Have you ever needed to make a claim on your homeowner’s policy? Typical, more common things that occur include leaks and water damage, flooding, mold, and maybe fire/smoke damage. But have you ever thought about what happens if someone is injured on your property? If you own a business property (commercial real estate), you could be the subject of a premises liability lawsuit.
But in the case of your own home, it’s wise to know what happens when a visitor is injured there. Let’s say Aunt Margaret visits and trips on your stairs to the porch. You may or may not have a handrail. What is your responsibility? Now, Aunt Margaret may love you dearly and not sue you or make a claim. But what about the UPS delivery man whose foot gets caught on a loose board in your steps, causing him to fall. Hmmmm…. Now what?!
The first thing to do when an injury occurs on your property is to examine and record the severity of the injuries. Do they need an ambulance or a ride to a walk-in clinic, or emergency room? Or do they just need to see their own doctor the next day? It’s important to take pictures and notes right when the incident happens. If you can, you should get the injured person to initial your notes or sign them to show agreement, or at the minimum, to state verbally in front of at least one witness that “this is what happened, and this is my injury/ how I feel.”
These incidents are obviously a sticky situation. A lot depends on the relationship you have with a person who got injured. If it is a stranger or mere acquaintance, they are more likely to want to make a claim. It is you the homeowner who decides (and do so within a couple days) whether or not to file a claim on your Homeowner’s Insurance Policy. If you know the person well – they are friends or family – you may just offer to cover their doctor visit or visits. You have to look at the amounts and determine which is better for you financially – what is your deductible on your Homeowner’s insurance policy?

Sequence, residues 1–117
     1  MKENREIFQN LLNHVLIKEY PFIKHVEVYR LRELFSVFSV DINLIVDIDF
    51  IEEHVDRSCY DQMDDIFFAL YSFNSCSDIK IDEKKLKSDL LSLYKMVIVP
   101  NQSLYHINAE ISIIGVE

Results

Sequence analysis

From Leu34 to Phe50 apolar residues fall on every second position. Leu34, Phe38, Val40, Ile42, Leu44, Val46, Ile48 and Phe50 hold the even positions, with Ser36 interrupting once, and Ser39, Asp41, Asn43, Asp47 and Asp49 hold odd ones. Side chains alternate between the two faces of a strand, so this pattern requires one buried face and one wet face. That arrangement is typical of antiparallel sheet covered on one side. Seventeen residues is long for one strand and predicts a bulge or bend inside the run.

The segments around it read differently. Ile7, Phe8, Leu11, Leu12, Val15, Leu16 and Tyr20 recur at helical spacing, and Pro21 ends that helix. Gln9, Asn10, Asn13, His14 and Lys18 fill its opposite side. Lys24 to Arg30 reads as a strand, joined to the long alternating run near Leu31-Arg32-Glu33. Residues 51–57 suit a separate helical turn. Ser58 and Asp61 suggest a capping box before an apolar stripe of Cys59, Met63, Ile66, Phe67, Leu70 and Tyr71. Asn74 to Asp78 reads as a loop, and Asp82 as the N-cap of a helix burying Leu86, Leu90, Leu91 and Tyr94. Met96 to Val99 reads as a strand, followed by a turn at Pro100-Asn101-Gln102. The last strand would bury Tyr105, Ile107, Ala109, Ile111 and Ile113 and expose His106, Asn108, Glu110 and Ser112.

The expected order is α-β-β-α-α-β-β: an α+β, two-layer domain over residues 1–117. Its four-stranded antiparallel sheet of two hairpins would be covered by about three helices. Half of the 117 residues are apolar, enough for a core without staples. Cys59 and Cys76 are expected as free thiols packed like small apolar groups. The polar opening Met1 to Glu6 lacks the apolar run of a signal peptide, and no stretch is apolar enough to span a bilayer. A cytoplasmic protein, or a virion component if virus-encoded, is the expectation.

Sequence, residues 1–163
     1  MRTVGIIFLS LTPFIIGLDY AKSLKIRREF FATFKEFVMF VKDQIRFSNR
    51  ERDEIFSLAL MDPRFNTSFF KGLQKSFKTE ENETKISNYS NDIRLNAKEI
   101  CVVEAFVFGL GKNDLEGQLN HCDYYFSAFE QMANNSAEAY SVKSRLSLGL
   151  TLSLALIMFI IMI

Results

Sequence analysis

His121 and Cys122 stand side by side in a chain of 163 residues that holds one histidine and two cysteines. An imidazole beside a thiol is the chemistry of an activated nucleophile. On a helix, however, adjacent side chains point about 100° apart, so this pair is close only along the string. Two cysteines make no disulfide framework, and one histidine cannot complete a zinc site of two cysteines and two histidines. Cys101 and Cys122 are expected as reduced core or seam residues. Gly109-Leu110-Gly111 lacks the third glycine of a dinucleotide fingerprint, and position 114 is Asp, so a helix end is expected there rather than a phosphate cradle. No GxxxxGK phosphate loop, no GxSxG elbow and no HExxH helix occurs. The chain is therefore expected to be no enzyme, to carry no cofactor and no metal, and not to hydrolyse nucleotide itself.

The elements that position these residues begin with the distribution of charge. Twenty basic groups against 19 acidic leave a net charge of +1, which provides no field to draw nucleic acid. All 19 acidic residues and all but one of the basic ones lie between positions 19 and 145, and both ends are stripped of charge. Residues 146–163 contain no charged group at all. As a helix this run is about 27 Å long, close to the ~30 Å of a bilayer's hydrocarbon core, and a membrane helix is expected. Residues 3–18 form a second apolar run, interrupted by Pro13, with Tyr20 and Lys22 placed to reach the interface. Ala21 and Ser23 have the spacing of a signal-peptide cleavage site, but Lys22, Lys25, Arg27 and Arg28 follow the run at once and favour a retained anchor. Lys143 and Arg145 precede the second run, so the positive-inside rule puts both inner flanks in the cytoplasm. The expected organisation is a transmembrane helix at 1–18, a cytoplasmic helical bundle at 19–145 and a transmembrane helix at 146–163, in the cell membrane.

It’s really important to know what your policy covers. How much will the injured person be needing/demanding? It could be more than your policy allows, depending on your coverage. And depending on their level of injury. That’s when things can get complicated, and even unpleasant. So being knowledgeable in advance will help you. Review your policy now and ask your insurance agent if you have any questions.
The next step after the injured person seeks medical treatment or leaves your property is to contact your insurance company and report the incident. If injuries were substantial you will be assigned to an insurance adjuster. He or she will not only speak to you by phone to take your claim but will probably visit your home and speak to you in person. You should provide any notes and pictures you have from the day of the accident.
If an injury occurs on your property, once medical attention has been seeking the next thing to do is to contact your insurance company and make them aware of the incident. For minor injuries, the report can be done over the phone. But if the injuries were more substantial the claim will most likely be given to an insurance adjuster, who will probably want to meet with you and visit your property. Once an insurance adjuster has been assigned to your case it is out of your hands. They will speak to any witnesses and medical professionals involved, and get a copy of medical records for all treatment. The claim won’t be closed until treatment for the individual is complete or any long-term medical needs have been determined.
Your homeowner’s insurance company will pay for the injured person’s medical expenses, lost income, pain, and suffering, and if applicable—permanent disability. There could be punitive damages if it is determined that you the property owner were willfully careless or negligent. Claims like these can end up in court. You can avoid these legal claims by properly maintaining your property, warning guests of any hazards, and understanding your homeowner’s policy – as well as increasing your coverage to the highest and best that you can afford.